Applications and limitations of two step metal oxide thermochemical redox cycles; a review
Two step metal oxide thermochemical redox cycles have seen growing interest in the research community over the last two decades. In particular, they have often been studied as a means of converting heat from concentrated solar power to chemical energy, which can subsequently be used for a number of applications. In this work, we offer critical perspective and valuable insight on these research fields, from authors with a combined experience of 50+ years in metal oxide redox cycles. The current fundamental understanding of thermochemical redox materials, and the implications and limitations this has on the redox thermodynamics are discussed. The underlying fundamentals of the redox materials are then used to give insight into the theoretical limitations imposed on a number of applications including; solar thermochemical fuel production, solar energy storage for off sun power generation, thermochemical air separation, oxygen pumping, and thermochemical heat pumping. A number of recent novel process developments are also presented, which offer valuable motivation and direction for the respective fields. The analysis shows that oxides which undergo a stoichiometric phase change during reduction, such as ZnO or Co3O4, have much larger specific energy storage than materials undergoing partial reduction such as ceria and perovskites. The partial reduction materials generally have faster kinetics and better activity at low temperature, and the selection of materials for the various applications is often a compromise between the importance of high specific energy storage vs. fast kinetics and low temperature operation.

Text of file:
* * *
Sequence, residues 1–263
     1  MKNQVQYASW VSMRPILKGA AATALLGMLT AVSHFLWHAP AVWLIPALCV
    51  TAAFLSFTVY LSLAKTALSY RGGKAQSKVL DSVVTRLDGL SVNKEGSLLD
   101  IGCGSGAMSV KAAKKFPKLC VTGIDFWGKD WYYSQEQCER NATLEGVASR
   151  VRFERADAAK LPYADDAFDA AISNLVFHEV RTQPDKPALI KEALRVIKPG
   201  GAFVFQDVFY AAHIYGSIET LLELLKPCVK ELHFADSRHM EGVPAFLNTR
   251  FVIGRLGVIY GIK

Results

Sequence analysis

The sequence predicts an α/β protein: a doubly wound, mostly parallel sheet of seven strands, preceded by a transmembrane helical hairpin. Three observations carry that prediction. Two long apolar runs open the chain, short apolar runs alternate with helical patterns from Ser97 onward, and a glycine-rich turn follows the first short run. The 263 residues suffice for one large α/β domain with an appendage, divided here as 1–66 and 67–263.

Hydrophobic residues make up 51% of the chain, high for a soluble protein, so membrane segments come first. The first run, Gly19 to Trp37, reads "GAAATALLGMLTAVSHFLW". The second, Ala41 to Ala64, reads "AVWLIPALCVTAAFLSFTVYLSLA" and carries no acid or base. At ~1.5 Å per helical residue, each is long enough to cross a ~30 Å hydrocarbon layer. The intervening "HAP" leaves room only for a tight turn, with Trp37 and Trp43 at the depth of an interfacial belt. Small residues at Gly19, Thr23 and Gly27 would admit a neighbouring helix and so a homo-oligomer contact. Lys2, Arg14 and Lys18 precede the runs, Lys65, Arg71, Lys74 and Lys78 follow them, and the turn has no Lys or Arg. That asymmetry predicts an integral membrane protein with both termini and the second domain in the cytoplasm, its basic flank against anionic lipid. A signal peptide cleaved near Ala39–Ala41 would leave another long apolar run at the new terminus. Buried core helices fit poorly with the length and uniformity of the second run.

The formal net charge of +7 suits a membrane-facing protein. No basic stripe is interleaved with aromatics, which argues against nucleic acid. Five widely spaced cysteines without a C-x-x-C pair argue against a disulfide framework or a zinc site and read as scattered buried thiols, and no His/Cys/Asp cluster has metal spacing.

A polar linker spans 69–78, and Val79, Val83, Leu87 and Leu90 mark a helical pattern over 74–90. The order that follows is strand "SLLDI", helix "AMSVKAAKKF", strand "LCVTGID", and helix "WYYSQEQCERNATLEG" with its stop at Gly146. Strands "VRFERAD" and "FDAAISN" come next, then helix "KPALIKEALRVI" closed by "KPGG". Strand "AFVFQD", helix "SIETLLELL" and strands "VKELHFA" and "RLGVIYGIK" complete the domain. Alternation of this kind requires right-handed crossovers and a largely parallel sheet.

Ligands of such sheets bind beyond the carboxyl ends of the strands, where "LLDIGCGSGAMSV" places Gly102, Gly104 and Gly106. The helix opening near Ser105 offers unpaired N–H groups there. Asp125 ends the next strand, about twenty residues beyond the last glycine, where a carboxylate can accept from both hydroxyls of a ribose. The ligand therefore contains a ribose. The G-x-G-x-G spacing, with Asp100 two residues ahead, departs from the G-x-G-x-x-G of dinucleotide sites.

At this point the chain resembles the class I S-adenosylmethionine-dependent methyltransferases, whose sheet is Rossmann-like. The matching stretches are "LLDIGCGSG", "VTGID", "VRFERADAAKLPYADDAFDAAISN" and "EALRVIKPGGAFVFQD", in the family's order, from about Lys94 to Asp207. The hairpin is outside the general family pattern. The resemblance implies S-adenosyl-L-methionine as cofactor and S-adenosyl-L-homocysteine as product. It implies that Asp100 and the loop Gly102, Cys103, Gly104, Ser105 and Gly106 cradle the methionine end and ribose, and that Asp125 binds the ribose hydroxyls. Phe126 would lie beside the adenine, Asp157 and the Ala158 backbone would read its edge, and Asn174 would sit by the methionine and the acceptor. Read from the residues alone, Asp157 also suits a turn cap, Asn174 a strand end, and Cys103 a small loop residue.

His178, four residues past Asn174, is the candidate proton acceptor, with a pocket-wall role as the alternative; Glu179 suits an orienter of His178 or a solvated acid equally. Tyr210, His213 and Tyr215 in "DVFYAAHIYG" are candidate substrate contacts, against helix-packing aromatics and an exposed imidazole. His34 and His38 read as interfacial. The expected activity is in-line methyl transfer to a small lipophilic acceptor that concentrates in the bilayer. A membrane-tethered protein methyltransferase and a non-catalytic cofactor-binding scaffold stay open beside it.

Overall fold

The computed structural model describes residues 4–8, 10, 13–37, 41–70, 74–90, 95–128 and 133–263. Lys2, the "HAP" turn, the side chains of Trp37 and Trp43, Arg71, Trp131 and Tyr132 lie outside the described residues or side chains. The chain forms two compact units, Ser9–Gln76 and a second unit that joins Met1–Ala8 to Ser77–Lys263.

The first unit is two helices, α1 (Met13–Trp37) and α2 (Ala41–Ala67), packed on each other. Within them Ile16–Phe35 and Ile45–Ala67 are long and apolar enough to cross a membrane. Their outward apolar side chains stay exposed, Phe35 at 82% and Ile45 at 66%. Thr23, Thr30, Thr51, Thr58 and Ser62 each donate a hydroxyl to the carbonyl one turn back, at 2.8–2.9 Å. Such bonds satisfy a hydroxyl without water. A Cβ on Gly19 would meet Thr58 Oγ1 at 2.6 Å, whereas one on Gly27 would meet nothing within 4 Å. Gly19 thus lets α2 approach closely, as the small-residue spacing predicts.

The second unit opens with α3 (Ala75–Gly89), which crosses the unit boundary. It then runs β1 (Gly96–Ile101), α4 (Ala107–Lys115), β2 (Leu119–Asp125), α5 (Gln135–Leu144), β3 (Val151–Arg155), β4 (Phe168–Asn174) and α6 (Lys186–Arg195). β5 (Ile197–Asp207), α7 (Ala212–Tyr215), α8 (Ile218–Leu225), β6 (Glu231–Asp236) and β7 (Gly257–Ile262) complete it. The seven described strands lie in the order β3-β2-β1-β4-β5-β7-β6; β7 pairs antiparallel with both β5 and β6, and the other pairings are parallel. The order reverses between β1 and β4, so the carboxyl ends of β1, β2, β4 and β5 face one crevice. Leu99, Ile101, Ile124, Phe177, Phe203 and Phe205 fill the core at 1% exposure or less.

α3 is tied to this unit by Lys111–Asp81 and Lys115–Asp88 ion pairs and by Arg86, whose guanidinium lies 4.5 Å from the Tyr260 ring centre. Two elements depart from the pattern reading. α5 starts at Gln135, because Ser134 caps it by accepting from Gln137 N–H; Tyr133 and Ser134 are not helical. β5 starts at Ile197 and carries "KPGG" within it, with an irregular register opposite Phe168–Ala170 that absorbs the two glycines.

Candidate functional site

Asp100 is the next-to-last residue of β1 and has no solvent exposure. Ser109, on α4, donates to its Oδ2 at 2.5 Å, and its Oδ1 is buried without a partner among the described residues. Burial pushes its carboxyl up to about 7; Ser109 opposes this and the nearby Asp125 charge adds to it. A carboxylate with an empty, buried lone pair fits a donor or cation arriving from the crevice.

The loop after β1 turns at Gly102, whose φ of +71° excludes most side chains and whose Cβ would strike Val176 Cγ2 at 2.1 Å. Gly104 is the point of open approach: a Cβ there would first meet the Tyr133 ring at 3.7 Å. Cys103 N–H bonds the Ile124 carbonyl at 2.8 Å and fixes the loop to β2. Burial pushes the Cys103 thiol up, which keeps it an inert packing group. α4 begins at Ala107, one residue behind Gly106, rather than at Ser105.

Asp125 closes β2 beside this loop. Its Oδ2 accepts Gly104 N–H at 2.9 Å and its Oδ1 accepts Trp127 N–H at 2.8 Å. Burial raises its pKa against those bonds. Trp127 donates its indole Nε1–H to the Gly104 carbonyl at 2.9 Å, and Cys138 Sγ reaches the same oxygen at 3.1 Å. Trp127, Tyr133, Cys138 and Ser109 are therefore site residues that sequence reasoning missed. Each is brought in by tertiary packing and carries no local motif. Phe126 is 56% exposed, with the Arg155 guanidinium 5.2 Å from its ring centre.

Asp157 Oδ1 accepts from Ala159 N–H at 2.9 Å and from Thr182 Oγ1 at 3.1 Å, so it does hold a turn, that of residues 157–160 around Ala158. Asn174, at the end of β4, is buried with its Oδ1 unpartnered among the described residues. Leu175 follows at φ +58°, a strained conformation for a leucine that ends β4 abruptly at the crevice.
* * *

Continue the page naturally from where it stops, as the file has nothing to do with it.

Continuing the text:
- This article is part of the themed collection: Recent Review Articles